Four Poems

Charles Simic

Let Us Be Careful

More could be said
of a dead fly
in the window
of a small shed,
and of an iron typewriter
that hasn’t
lifted a key in years
both in delight
and dark despair.


A troop of late night revellers,
most likely shown the door
at some after-hours club
or a party in the neighbourhood,
still whooping it up
as they stagger down the street
with a girl in a wedding dress
walking pigeon-toed far behind them,
and calling out in distress:
‘Hey, you! Where the fuck
do you think you’re going?’

Passing Through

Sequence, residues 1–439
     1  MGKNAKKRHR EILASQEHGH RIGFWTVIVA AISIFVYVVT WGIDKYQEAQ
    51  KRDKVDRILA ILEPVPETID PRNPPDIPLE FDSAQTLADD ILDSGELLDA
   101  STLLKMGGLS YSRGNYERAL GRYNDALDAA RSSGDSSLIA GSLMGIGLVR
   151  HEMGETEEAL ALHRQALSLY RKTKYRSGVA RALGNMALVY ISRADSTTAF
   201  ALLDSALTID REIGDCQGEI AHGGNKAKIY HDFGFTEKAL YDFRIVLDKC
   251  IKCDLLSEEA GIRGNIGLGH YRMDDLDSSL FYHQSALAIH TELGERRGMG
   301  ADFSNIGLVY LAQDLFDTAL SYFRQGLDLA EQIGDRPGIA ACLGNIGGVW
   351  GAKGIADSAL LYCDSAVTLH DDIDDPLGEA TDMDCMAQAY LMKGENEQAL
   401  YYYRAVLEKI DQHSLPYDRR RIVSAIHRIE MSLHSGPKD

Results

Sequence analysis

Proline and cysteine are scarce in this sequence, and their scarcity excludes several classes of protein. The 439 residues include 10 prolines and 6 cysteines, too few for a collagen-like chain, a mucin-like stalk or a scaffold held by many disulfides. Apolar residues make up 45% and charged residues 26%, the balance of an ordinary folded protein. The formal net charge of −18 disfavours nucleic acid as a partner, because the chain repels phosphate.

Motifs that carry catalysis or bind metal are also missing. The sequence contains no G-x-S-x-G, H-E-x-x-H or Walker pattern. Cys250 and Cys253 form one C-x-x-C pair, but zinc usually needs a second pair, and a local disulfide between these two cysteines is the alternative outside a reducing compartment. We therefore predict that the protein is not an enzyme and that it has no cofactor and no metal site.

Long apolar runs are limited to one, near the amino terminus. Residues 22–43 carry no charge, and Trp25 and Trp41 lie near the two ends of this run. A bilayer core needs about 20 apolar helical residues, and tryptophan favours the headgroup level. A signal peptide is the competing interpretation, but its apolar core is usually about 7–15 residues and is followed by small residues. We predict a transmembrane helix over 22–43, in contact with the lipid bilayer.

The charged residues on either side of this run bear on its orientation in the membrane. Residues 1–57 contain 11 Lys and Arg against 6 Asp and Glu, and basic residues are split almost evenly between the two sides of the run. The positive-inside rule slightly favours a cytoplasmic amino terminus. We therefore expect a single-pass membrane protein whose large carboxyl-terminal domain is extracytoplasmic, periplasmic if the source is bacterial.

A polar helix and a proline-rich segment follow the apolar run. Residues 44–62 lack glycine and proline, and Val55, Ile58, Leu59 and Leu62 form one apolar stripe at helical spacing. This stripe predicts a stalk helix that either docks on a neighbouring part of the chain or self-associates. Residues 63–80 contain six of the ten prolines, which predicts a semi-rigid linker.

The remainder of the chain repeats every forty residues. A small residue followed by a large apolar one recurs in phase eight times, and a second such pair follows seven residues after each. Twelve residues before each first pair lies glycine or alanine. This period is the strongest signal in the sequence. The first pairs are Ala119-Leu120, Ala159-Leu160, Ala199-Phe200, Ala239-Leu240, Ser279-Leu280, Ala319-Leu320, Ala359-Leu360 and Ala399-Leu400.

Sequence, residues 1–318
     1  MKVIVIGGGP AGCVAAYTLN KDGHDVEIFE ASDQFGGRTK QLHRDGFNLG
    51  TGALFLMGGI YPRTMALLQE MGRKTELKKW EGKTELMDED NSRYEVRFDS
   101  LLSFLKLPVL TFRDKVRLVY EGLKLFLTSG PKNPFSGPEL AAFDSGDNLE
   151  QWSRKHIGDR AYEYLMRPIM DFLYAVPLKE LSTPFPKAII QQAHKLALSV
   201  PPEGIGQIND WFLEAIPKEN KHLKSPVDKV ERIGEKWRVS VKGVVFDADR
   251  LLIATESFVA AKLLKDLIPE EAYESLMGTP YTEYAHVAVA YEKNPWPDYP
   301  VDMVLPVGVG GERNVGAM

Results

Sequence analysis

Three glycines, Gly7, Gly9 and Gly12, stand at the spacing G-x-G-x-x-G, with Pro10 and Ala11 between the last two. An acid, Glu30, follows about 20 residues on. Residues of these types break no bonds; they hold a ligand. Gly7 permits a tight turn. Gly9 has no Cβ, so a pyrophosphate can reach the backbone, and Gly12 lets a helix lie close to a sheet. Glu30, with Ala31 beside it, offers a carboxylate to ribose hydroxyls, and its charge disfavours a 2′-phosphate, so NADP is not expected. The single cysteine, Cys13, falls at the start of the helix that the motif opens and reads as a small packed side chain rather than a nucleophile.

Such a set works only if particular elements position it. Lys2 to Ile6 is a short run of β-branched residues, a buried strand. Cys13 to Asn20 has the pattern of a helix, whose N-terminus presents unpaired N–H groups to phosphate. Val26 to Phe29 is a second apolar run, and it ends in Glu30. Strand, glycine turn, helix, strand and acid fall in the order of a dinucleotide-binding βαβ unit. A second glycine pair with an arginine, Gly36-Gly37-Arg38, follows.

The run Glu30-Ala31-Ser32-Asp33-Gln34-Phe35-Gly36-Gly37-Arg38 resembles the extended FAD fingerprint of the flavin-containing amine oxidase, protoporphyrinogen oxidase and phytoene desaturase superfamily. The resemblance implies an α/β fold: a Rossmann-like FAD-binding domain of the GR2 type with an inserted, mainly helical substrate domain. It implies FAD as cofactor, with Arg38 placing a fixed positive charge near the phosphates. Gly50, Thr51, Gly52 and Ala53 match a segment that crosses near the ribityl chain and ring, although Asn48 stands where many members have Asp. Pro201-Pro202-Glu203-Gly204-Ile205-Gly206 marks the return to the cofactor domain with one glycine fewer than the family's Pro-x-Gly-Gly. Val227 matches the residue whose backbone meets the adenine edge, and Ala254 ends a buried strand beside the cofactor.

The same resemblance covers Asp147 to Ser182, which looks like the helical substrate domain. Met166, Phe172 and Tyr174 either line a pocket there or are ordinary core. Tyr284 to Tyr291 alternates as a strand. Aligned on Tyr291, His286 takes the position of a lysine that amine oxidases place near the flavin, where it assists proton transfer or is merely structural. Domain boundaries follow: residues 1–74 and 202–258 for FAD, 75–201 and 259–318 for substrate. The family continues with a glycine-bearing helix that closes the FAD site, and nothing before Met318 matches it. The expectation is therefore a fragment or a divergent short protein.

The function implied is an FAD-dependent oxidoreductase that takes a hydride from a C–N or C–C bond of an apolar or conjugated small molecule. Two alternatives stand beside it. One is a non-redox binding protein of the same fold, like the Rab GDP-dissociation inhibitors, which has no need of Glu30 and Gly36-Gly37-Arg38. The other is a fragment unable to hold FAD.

An unidentified,
inconspicuous someone,
smaller than a flea
snuck over my pillow last night,
unbothered by me,
in a big rush, I bet,
to get to his church
and thank his saints.

In Its Own Sweet Time

That one remaining, barely moving leaf
The wind couldn’t get to fall
All winter long from a bare tree –
That’s me! Thinks the old fellow,

The one they roll out in a wheelchair
So that he can watch the children
Play in the park, their mothers
Gossip all day about their neighbours

While pigeons take turns landing
And taking off from a newly arrived hearse
Parked in front of the parish church,
Dragging his gaze along as they do.